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Saturday, Apr. 30, 2016

Educators share funding concerns with legislators

Friday, December 14, 2007

Representative Amos Thomas and Senator Connie Lawson listen as Putnam County educators expressed concerns over pending education legislation.
Local educators have shared their concerns with states legislators on future funding shortages and threats of school consolidation.

Putnam County's four superintendents and area school board members laid out a case for the financial fallout area school coffers face in the wake of property tax reform and discussed the challenges that rural school districts face when considering consolidation.

"Property tax issues are front and center for everyone," said Indiana Senator Connie Lawson of district 42, who took an active role in the roundtable discussion Tuesday at Area 30 Career Center.

Also in attendance was District 37 Sen. Richard Bray and state Rep. Amos Thomas of District 44.

Chief concern was the 1 percent cap placed on property tax increases included in Gov. Mitch Daniels' property tax reform proposal. According to Superintendents Robert Green of Greencastle and Bruce Bernhardt of South Putnam, the cap would trigger a "circuit breaker" effect that could be financially devastating to both school districts.

"If that goes into effect, Greencastle will loose $193,000 in 2009 and $194,000 in 2010," Green said.

South Putnam's figures were even more startling. Bernhardt told the visiting legislators that his school district, whose tax base is primarily made up of farmers and homeowners, would lose $375,000 over the same two-year period.

The Putnam County educators presented a unified front, telling the visiting lawmakers that the educational funding base should not be locked into property tax and that local farmers are carrying too much of the weight when it comes to funding local schools.

However, all parties expressed concern that property tax, which is reliable source of tax revenue, would be replaced with a funding stream subject to the mood swings of an unstable economy, such as sales tax.

Consolidation woes:

A second standout issue at Tuesday's forum was Gov. Daniels' proposal that school consolidation, particularly at the administrative level, would funnel much-needed funds from central office salaries back into classrooms.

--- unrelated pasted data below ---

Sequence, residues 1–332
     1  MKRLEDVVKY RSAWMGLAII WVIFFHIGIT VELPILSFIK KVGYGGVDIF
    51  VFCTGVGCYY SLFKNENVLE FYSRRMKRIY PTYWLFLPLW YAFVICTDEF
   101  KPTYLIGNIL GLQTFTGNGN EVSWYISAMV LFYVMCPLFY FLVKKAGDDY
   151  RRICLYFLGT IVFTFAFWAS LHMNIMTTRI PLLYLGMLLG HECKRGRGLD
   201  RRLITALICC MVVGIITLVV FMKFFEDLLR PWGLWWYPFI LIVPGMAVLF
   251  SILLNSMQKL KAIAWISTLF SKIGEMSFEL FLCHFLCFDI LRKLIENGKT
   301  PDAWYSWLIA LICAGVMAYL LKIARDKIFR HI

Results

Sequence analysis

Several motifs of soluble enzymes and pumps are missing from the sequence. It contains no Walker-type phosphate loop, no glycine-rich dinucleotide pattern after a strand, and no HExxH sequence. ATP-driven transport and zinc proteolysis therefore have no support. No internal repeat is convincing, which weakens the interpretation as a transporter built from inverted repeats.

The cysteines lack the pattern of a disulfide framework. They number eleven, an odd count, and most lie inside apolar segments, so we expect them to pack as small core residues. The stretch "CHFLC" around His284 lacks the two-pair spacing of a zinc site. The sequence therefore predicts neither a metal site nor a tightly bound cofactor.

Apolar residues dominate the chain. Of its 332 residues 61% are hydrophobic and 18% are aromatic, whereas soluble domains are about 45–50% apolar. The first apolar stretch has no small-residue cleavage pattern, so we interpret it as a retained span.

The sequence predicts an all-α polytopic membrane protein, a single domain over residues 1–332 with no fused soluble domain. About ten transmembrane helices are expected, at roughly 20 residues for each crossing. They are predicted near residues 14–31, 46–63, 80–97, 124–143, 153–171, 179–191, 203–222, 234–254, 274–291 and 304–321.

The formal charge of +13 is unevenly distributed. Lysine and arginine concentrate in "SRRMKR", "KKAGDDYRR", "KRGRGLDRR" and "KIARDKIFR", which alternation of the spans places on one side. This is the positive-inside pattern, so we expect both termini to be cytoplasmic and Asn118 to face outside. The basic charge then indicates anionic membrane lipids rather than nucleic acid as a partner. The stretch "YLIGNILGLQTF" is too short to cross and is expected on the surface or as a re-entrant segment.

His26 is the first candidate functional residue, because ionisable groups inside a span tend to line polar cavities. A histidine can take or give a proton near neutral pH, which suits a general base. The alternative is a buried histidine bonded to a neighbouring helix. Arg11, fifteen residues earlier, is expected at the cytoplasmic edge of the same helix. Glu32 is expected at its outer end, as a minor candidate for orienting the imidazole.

Murray Pride, superintendent of North Putnam School Corporation, laid out a rebuttal for the Governor's plan, arguing that it would be impossible for one superintendent could meet the needs of the entire county.

"You can't run a school corporation this large and covering this much territory with one person," he said. "We couldn't get one person to take the job."

When compared to Vigo, Clay and Vanderburgh counties, which have all been touted as strong examples of school consolidation, Pride explained that Putnam County's administrative costs were not excessive.

"Compare their central office costs to our central office costs," said Pride. "We are about as lean and mean as we can get."

Cloverdale Superinten-dent Carrie Milner told the lawmakers that the workload for a massive school corporation like Browns-burg, that has as many as 21 people on their central office salary roster, is no different that that of Cloverdale's.

"We fill out the same reports and meet the same state requirements," she said. "But we do it with one person."

According to Pride, the only way to save money through consolidation is to close schools, but he pointed out that Putnam County is in no position to take that measure either. With nearly every school in the county approaching capacity, he said the costly construction of a new building would be the only option available for merging student populations.

Most of the educators in attendance echoed the concern that the benefits of attending a small school would be lost if the county underwent further consolidation.

Representative Thomas chimed in that though he may have less experience dealing with public school financing issues than other legislators, he too believed in the benefits of a small school.

"I may be the only one here who can say that I went through seven grades in a one-room country school," he said. "I'm one who would say that small schools work."

The nearly two-hour discussion between the legislators and educators covered many topics ranging from property taxes to new educational mandates that have yet to receive any additional funding.

Superintendent Pride left the legislators with a final thought to take with them to the Indiana State House in January: "Don't count your money yet. Make sure you know what you're asking for and what you're calling for."

Nancy Wells, a member of the South Putnam School Board, thanked the visiting legislators for their hands-on approach and open ears, adding that when it comes to property tax reform, "I wouldn't want your job for anything."

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